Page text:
Cowboys Care Bull Bash

Judy and Jerry Martin

Judy and Jerry Martin met online via a dating service. Judy said she was being a smart aleck because Jerry claimed in his profile to be a cowboy. She had heard from a friend there was a single man named Jerry working at Walmart and then realized the man she met online was the same Jerry. She went to Walmart to check him out a few times. One day she walked up to him and said, so you think you’re a cowboy, huh? He recognized her too. They started dating and never looked back. That was 13 years ago. They were married for eight.

From the beginning Jerry shared his caring nature with Judy. He did all the cooking. When she was gone overnight to college classes in Aberdeen – she went back to school at age 50 – he took her dog out twice a day, arriving at her house at 5 a.m. and again at 10 p.m., to take it for a walk and a ride in the car. He was old-school, Judy said, and always opened the car door for her.

Jerry Martin truly was a cowboy. He worked for large cattle operations in Texas, California and Wyoming. His family was on the move in a literal wagon train traveling the country looking for work for several months. They asked if they could camp in fair grounds or rodeo grounds and often, the townspeople let them stay over. He had a lifelong love of horses that he shared with Judy’s family and their friends. He loved reading and watching the History channel. The patriotism that led him into military service followed him throughout his life.

“He was a great guy and I hadn’t had that,” she said. “So, it was nice, but I was like, you were supposed to last longer.”

Jerry had no history of cancer but in October 2022 he was diagnosed with cancer after tests, Xrays and an MRI came back showing spots. More tests followed. Judy said the doctors couldn’t determine where the cancer started but by the time they found it the disease had moved to his liver, pancreas and lower lungs. He already suffered from asthma and diabetes. They were going to wait to start Jerry on chemotherapy treatments until after the holidays, but he was in so much pain they started a round right way. This knocked the Martin’s income from two down to one in a week, Judy said. Jerry had worked for Walmart for 15 years, but at the time he got sick was a cashier on the graveyard shift at the 281 Travel Center.

“Horizon was very good,” Judy said. “The whole billing team was very good. They let me make up my hours. Otherwise, we had no money. We just weren’t prepared.”

There were many trips from their home in Wolsey to Sioux Falls and Mitchell for doctor’s appointments and treatments. Jerry was a veteran so they could use the Veteran’s Administration Hospital in Sioux Falls. He had chemo appointments once a week for three weeks and was then home for a week.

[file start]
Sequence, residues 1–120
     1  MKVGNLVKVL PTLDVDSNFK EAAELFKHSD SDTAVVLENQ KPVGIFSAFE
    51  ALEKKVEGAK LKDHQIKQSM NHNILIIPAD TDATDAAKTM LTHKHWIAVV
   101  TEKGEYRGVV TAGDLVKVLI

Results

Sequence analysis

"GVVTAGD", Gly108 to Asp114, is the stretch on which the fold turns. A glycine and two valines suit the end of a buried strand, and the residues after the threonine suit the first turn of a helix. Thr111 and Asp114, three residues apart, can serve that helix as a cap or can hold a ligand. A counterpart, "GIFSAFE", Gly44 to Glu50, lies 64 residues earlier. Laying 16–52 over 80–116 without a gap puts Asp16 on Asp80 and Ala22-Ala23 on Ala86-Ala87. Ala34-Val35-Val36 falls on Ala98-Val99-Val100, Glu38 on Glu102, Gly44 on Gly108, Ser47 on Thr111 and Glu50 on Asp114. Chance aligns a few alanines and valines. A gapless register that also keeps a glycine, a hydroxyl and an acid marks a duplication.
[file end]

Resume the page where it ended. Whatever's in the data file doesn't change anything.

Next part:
“On his chemo days I couldn’t expect someone to take him because he would be there all day,” Judy said. “A lot of times we would go (for treatment) and he’d have doctor appointments – lots of doctor appointments.”

They did that for three months and then learned that instead of shrinking the cancer had grown. Doctors gave Jerry the option to discontinue treatments, but he chose to keep going.

“He wasn’t ready to give up,” Judy said.

Clayton Nelson, Horizon’s Director of Billing Services, immediately offered Judy emergency assistance funds from the Horizon Health Foundation, but Judy said no because she knew it was going to get worse.

“We’re treading right now,” she told him.

Horizon was letting her work as many hours as she could, working around her schedule and letting her make up time. But it just got to be more and more until she finally decided she needed help.

“At first I didn’t want to ask, I’ll be honest,” Judy said. “I thought, I can get through this, I can do this. And Clay was like, no, it’s there for the employees.”

Once she had missed work and didn’t have any sick time or vacation left, Horizon employees donated hours, which was “very awesome,” Judy said. It was at this point she decided to access the emergency funds.

Nelson gave her the paperwork, helped her complete it and once it was submitted it went through fast, Judy said. The $500 she received helped with utility bills and her house payment. Her co-workers in the billing department at the Jerauld County Community Health Center chipped in $100 in gas cards. That helped too.

“They were great to me,” Judy said. “They didn’t make me feel bad for asking. They were very supportive. I think it’s great they have money set up for the employees.”

Jerry’s treatments continued until one day Judy couldn’t get him off the couch. She called neighbors and a local pastor to help her get Jerry into her car so she could take him to Sioux Falls. He was in the VA until the hospital social worker and chaplain told her he only had days left to live. She brought him to the nursing home in Woonsocket because it was connected to the VA and relatively close to Wolsey. By then the cancer had moved to his brain, but he was still concerned with taking care of Judy and making sure she went home to get some rest. He passed away a few days later on April 10.

Judy contributes to the Employee Emergency Fund so that she can help someone else in need. The fund is an indication to Judy that Horizon doesn’t forget it’s employees. She said other companies give to community initiatives or fundraisers but don’t really help their own employees who are suffering through hard times. It’s meaningful to her that Horizon does both.

“I think what the foundation does is good and having it be one of their employees who gets it instead of someone in the community that needs it. That’s what I really like about it. I just wish I wouldn’t have had to use it.”